Faithful Internet is here to amplify the voices of people of faith and moral conscience to protect the Open Internet Order. When you sign up, you will be joining leaders such as Rev. William Barber, Sister Simone Campbell, Rev. Jacqui Lewis, Valarie Kaur, and Rev. Otis Moss III.
We are a project coordinated by the United Church of Christ OC, Inc. with assistance from the Stanford Law School Center for Internet and Society. We launched in fall 2014 to help educate and equip people of faith in the movement for Internet freedom. Today, we are your one-stop education resource to understand why Internet freedom is essential for the future of religious and spiritual life, interfaith cooperation, and service in America.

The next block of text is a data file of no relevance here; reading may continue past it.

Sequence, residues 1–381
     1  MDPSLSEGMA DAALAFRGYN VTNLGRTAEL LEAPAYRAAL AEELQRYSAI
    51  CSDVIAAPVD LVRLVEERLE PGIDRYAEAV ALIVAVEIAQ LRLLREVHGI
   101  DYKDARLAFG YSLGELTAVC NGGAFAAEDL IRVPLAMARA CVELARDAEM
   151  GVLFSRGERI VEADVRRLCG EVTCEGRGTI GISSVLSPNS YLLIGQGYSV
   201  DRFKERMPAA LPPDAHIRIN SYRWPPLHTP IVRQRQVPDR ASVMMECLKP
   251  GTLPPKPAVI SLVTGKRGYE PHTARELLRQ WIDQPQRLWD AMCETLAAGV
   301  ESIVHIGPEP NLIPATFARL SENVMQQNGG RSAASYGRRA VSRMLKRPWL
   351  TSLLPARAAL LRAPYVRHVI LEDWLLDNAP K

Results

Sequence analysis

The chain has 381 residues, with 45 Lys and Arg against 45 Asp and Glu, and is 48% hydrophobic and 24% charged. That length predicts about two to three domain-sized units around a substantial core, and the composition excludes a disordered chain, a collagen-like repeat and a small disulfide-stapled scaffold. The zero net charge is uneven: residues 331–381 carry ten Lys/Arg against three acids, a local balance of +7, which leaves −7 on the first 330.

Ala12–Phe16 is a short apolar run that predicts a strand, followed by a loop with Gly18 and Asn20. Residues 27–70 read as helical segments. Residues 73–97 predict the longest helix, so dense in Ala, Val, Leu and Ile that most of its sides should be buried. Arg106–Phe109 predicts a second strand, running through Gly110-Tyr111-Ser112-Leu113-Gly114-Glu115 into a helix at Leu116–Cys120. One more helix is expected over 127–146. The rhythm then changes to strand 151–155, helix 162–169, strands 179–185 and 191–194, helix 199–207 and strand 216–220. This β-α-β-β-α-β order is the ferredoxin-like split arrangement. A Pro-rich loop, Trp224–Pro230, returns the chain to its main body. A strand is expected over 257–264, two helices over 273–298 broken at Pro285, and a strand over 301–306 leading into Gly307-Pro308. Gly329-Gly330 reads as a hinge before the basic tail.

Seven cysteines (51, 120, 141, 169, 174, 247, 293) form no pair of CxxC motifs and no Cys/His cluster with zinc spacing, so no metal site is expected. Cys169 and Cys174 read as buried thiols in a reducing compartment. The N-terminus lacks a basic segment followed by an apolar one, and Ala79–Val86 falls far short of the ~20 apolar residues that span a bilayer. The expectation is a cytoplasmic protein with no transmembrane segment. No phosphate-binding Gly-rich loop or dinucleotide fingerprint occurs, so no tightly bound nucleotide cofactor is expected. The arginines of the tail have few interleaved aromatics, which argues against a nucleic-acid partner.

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Trump's FCC voted to end the open Internet. Congress can still save it — if they hear from us.President Trump's FCC just held a 3-2 vote that tries to end the Internet as we know it. But the fight isn't over. Championing the vote were telecom giants who want more control over what happens on the Internet. On the other side of the debate is everyone else — start-ups, businesses, educators, artists, advocates, and people of all backgrounds who are defending net neutrality, the principle that keeps the Internet free of corporate control. They argue that net neutrality is necessary for American democracy and the economy. There’s also an unexpected voice in the chorus: America’s leaders of faith and moral conscience. Free speech, including moral and religious expression, depends on the open Internet. The Internet has already become a prophetic platform for faith in the United States. Faith groups are using the Internet as a medium for spiritual life, service, prophetic leadership, innovation, and social justice. This would not be possible without meaningful net neutrality protections. Losing these protections could be the end of the Internet as we know it. Net neutrality rules codify principles that have governed the Internet in the U.S. for decades. They ban carriers like Comcast and AT&T from blocking or slowing down websites at will — or charging websites money for access or a faster connection to their users. It keeps the Internet an open space for free speech and dissent, vital now more than ever. In this critical window, faith voices could help persuade Congress to protect net neutrality — not just as sound policy but as a moral imperative, but only if they hear from enough of us. We will press to use the Congressional Review Act to reverse this hasty and misguided FCC action. We have 60 legislative days (i.e. days when Congress is in session) to pressure Congress to act. Sign and share this to tell Congress that you oppose the FCC’s rollback and support full net neutrality protections for everyone.3,520 of 4,000 SignaturesCreated by Valarie Kaur and Cheryl Leanza